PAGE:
On Wednesday, the Illinois House of Representatives passed a bill requiring all public schools to specifically teach Asian-American history lessons, according to The Hill.
HB376, known as the Teaching Equitable Asian-American History Act (TEAACH), mandates that “a unit of instruction studying the events of Asian-American history” be incorporated into public school curriculum starting in the 2022-2023 school year. The curriculum is ostensibly set to focus on Asian-Americans’ contributions and civil rights “from the 19th century onward.”
The bill passed by an overwhelming majority, with 98 in favor and only 13 against. The bill must now be taken up in the State Senate before it can head to the governor’s desk. If signed into law, Illinois would become the first state in the nation to mandate history lessons about Asian-Americans in public schools.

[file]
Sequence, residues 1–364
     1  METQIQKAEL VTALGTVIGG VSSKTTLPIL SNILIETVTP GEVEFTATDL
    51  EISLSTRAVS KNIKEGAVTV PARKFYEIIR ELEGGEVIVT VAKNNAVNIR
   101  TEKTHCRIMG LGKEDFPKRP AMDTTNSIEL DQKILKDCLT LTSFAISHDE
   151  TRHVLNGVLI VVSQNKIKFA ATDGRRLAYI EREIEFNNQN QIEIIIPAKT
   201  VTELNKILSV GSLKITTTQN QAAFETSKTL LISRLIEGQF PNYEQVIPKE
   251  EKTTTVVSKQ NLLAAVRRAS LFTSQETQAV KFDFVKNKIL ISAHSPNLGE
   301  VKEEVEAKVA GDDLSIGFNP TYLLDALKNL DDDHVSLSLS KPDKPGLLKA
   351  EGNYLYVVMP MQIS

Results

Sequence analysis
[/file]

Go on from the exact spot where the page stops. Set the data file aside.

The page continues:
The bill’s passage comes amidst the Left’s broader push of a narrative called “Stop Asian Hate,” which began earlier this year. According to proponents of this widely-discredited conspiracy theory, there has been a rise in anti-Asian hate crimes in the United States, allegedly due to anger against the Chinese government for creating the coronavirus pandemic, as well as America supposedly having a history of “anti-Asian racism.”
Proponents point to a recent mass shooting in Atlanta at a spa that killed six Asian women, along with two white victims, even though the perpetrator and local authorities have concluded that racism was not a motivation in the shooting. In addition, the vast majority of recorded violent crimes against Asians in the United States in 2021 have been carried out by non-White perpetrators, and particularly by black Americans.